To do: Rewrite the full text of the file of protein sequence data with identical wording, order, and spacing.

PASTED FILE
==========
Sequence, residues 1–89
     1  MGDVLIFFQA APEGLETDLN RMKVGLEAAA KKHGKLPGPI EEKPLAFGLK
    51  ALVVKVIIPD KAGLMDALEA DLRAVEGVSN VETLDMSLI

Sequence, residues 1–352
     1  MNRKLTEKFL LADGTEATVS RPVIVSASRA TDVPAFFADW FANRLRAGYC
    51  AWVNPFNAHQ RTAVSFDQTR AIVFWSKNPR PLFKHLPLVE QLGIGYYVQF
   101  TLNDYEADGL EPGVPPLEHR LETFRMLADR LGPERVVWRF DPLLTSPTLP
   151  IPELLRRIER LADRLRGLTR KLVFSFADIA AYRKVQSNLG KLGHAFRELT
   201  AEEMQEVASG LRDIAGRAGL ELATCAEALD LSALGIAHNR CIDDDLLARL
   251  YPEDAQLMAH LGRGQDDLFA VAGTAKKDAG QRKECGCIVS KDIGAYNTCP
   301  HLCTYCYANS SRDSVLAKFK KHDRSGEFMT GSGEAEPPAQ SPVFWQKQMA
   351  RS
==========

Sequence, residues 1–89
     1  MGDVLIFFQA APEGLETDLN RMKVGLEAAA KKHGKLPGPI EEKPLAFGLK
    51  ALVVKVIIPD KAGLMDALEA DLRAVEGVSN VETLDMSLI

Sequence, residues 1–352
     1  MNRKLTEKFL LADGTEATVS RPVIVSASRA TDVPAFFADW FANRLRAGYC
    51  AWVNPFNAHQ RTAVSFDQTR AIVFWSKNPR PLFKHLPLVE QLGIGYYVQF
   101  TLNDYEADGL EPGVPPLEHR LETFRMLADR LGPERVVWRF DPLLTSPTLP
   151  IPELLRRIER LADRLRGLTR KLVFSFADIA AYRKVQSNLG KLGHAFRELT
   201  AEEMQEVASG LRDIAGRAGL ELATCAEALD LSALGIAHNR CIDDDLLARL
   251  YPEDAQLMAH LGRGQDDLFA VAGTAKKDAG QRKECGCIVS KDIGAYNTCP
   301  HLCTYCYANS SRDSVLAKFK KHDRSGEFMT GSGEAEPPAQ SPVFWQKQMA
   351  RS